While you are watering your plants, and putting up your garden tools, and arranging your rooms, and making all your other preparations for the sabbath, you will be thinking,-how pleased mother will be to see all these things done carefully and well.” The children smiled.

Now I am very glad to have you love to please me, but I want you also to love to please God. He will observe how you make your preparations for his day, and if you think of Him, and act from a desire to please Him, He will approve your conduct as much as I shall.

“ Now, I want you, while you go to your work, to think occasionally that you are doing something for the sake of enabling you to obey God's commands more fully to-morrow. Be faithful and careful in all you have to do, from a desire to please God as well as to please me. I want you to be his friends and to love him, as well as to love your mother. For I cannot stay with you always in this world ; your father has already gone, and I must go too, but we want to have you with us in heaven.”

There was a pause for a moment. The cbildren did not speak, and their mother sat still a short time, musing upon past or future scenes. Presently she continued.

You see then, I want you now to go and make your preparations for the Sabbath, thinking of God, and desiring to please him in doing it. This will make you faithful and careful, and pleasant to one another, and when your work is done, and you are ready to go to bed, I will tell you what you shall do first in the morning.”

The children seemed pleased with their mother's proposal and apparently entered into it with all their hearts, and they hastened away out of the room to commence their operations. In a few minutes they were all busily engaged, industrious, contented and happy. At about half past eight they collected again in their mother's room to receive her instructions for the next day, and then to bid her good night.

“ Do you think what I am going to give you to do to-morrow is hard or easy ?”

“Easy," said Lucy.
“ Hard,” said George.

5. It will be hard at the time. That is, you will have to make considerable effort in the course of the day, to discharge all your duties aright.”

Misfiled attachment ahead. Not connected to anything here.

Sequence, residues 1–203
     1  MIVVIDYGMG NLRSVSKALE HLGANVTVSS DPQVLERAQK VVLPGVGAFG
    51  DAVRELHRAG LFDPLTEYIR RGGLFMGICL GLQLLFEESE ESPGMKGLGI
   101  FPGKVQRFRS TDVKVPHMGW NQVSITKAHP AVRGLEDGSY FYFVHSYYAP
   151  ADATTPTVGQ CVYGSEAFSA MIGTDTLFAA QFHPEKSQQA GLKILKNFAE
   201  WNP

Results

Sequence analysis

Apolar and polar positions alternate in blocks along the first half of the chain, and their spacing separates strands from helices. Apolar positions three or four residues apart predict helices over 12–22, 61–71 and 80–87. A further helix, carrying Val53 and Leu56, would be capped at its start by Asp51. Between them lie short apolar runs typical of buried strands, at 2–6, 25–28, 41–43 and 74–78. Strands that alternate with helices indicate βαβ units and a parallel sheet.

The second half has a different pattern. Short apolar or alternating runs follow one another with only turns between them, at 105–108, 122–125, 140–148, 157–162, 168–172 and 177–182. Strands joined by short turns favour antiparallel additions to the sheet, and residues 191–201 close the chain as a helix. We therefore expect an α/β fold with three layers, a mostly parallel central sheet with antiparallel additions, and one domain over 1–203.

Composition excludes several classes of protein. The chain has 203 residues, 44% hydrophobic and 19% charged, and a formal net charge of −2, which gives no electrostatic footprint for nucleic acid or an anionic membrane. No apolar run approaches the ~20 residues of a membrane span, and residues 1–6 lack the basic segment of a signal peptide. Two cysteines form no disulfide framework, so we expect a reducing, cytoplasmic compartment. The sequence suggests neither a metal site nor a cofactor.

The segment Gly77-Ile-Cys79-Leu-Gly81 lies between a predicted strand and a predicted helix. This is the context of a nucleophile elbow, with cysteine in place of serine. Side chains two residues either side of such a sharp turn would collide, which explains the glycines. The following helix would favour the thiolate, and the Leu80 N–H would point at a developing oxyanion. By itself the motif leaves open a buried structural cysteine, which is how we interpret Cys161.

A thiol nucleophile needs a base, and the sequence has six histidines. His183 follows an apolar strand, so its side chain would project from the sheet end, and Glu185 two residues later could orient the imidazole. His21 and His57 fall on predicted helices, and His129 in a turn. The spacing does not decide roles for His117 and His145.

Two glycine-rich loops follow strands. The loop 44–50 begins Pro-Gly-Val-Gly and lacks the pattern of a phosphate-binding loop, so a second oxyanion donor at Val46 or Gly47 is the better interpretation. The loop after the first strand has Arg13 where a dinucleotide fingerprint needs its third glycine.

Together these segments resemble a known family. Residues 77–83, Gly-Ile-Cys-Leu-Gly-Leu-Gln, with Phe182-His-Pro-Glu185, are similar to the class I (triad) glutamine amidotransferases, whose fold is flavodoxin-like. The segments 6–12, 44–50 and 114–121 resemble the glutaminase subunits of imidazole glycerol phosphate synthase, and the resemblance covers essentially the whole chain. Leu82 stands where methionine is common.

After the mother said this, she went on explaining to them what she wished them to do, and in what way they were to keep the Holy Day. Before going on to write what she said, I wish to say to my readers that it is not very entertaining. If any of you have opened this book merely for the purpose

of finding something to amuse yourselves with, I presume you will skip two or three pages of what follows here. In fact, if your object is simply to be entertained, I do not know but that I should advise you to skip it. But, if you wish to know how you can make the Sabbath a happy day, and are willing to make a little effort for this purpose,

-a little effort do I say, I mean a great deal of effort, I advise you to read this lady's conversation with her children, in the most careful and attentive manner. She went on as follows.

s. There are four kinds of duty, which you will have to perform to-morrow which I wish to speak about now, my children, and if you really wish to please God, you will attend to what I say carefully, and try to do what I shall describe.

1. Study, and Reading.
2. Meditation and Prayer.
3. Public Worship.
4. Rest.

1. STUDY AND READING. “ Your day will be spent more pleasantly and more profitably if you devote a few hours to study and reading. You have a Sabbath School lesson to learn. Now, I advise you to rise early and spend about an hour in the silent, careful, diligent study of that lesson, before breakfast. It will be hard I know. You will feel sleepy when I call you in the morning, and it will be hard for you to confine yourselves a whole hour to your work. But when it is done and you come to breakfast with your lesson well learneol, you will feel a satisfaction and happiness which will fully repay you for the effort you made. By one hour's exertion, if you make it with right motives, you will lay up a stock of happiness